Inside these posts: Age discrimination

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3M settles McNerney-era age discrimination suit

3M Co. has offered to pay up to $12 million to settle a lawsuit that accused the diversified industrial company of discriminating against older workers in performance evaluations, promotions and layoffs. Get the full story »

Britain abolishes forced retirement at 65

British employers will no longer be allowed to force people to retire at 65 years old, unless they can justify the dismissal, the government said Thursday in a bid to lessen pension payouts as Britons live for longer.

The move was welcomed by nonprofit organizations campaigning against age discrimination. Others, however, complained that the move will make it expensive for employers to continue to provide benefits such as health or life insurance to employees older than 65. Get the full story »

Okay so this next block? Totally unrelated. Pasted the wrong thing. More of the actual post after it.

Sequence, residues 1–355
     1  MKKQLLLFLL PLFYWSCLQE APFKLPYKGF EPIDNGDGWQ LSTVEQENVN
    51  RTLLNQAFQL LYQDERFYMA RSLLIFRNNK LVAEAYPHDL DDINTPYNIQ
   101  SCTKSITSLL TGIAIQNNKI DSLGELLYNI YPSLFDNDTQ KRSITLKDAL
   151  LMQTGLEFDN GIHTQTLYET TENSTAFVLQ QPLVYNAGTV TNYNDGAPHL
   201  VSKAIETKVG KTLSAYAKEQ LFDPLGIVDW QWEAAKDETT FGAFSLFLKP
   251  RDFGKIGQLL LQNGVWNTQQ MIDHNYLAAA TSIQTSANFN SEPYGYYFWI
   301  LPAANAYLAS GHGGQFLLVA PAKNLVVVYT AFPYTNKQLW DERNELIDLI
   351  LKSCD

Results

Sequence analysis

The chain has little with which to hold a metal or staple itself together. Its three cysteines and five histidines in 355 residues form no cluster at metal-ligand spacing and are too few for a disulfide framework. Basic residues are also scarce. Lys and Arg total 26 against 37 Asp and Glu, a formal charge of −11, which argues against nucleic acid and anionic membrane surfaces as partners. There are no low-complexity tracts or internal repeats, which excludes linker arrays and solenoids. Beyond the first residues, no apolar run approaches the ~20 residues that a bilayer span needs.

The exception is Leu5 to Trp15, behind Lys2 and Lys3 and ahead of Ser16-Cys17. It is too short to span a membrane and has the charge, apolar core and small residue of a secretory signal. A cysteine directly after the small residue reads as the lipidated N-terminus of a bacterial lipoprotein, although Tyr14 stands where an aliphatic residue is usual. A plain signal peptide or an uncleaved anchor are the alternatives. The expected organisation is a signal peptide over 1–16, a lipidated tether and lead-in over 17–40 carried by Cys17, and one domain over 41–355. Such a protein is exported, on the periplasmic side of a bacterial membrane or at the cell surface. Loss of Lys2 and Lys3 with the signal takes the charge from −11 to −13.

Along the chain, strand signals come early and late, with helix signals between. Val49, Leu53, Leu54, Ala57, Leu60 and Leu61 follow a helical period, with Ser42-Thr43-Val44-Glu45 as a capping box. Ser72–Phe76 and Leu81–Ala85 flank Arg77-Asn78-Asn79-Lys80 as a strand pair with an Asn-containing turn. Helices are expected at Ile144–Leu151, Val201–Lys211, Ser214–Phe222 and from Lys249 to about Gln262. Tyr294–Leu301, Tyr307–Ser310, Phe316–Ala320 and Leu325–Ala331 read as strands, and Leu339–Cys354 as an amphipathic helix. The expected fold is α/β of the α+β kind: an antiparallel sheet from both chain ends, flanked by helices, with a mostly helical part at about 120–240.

Fired server charges Weber Grill with age bias

A 46-year-old Chicago man who lost his server job at Weber Grill on State Street last year alleges that a 30-year-old restaurant manager fired him because she thought he was  “too old for the fast pace of the restaurant.”

Bruce Belson alleges in a lawsuit filed Tuesday in a federal court in Chicago that he was terminated in January 2009 after about nine months of working at the 539 N. State St. restaurant. Get the full story »

AT&T, EEOC talking settlement in age-bias case

AT&T Inc. is in talks to settle a lawsuit by the Equal Employment Opportunity Commission that charges  the largest U.S. phone company of discriminating nationwide against workers older than 40.

According to a joint filing by AT&T and the EEOC in Manhattan federal court, the EEOC has proposed a settlement of the nearly year-old lawsuit, and both sides held “substantive settlement discussions” in a June 30 mediation session. Another session is set for Aug. 10. Get the full story »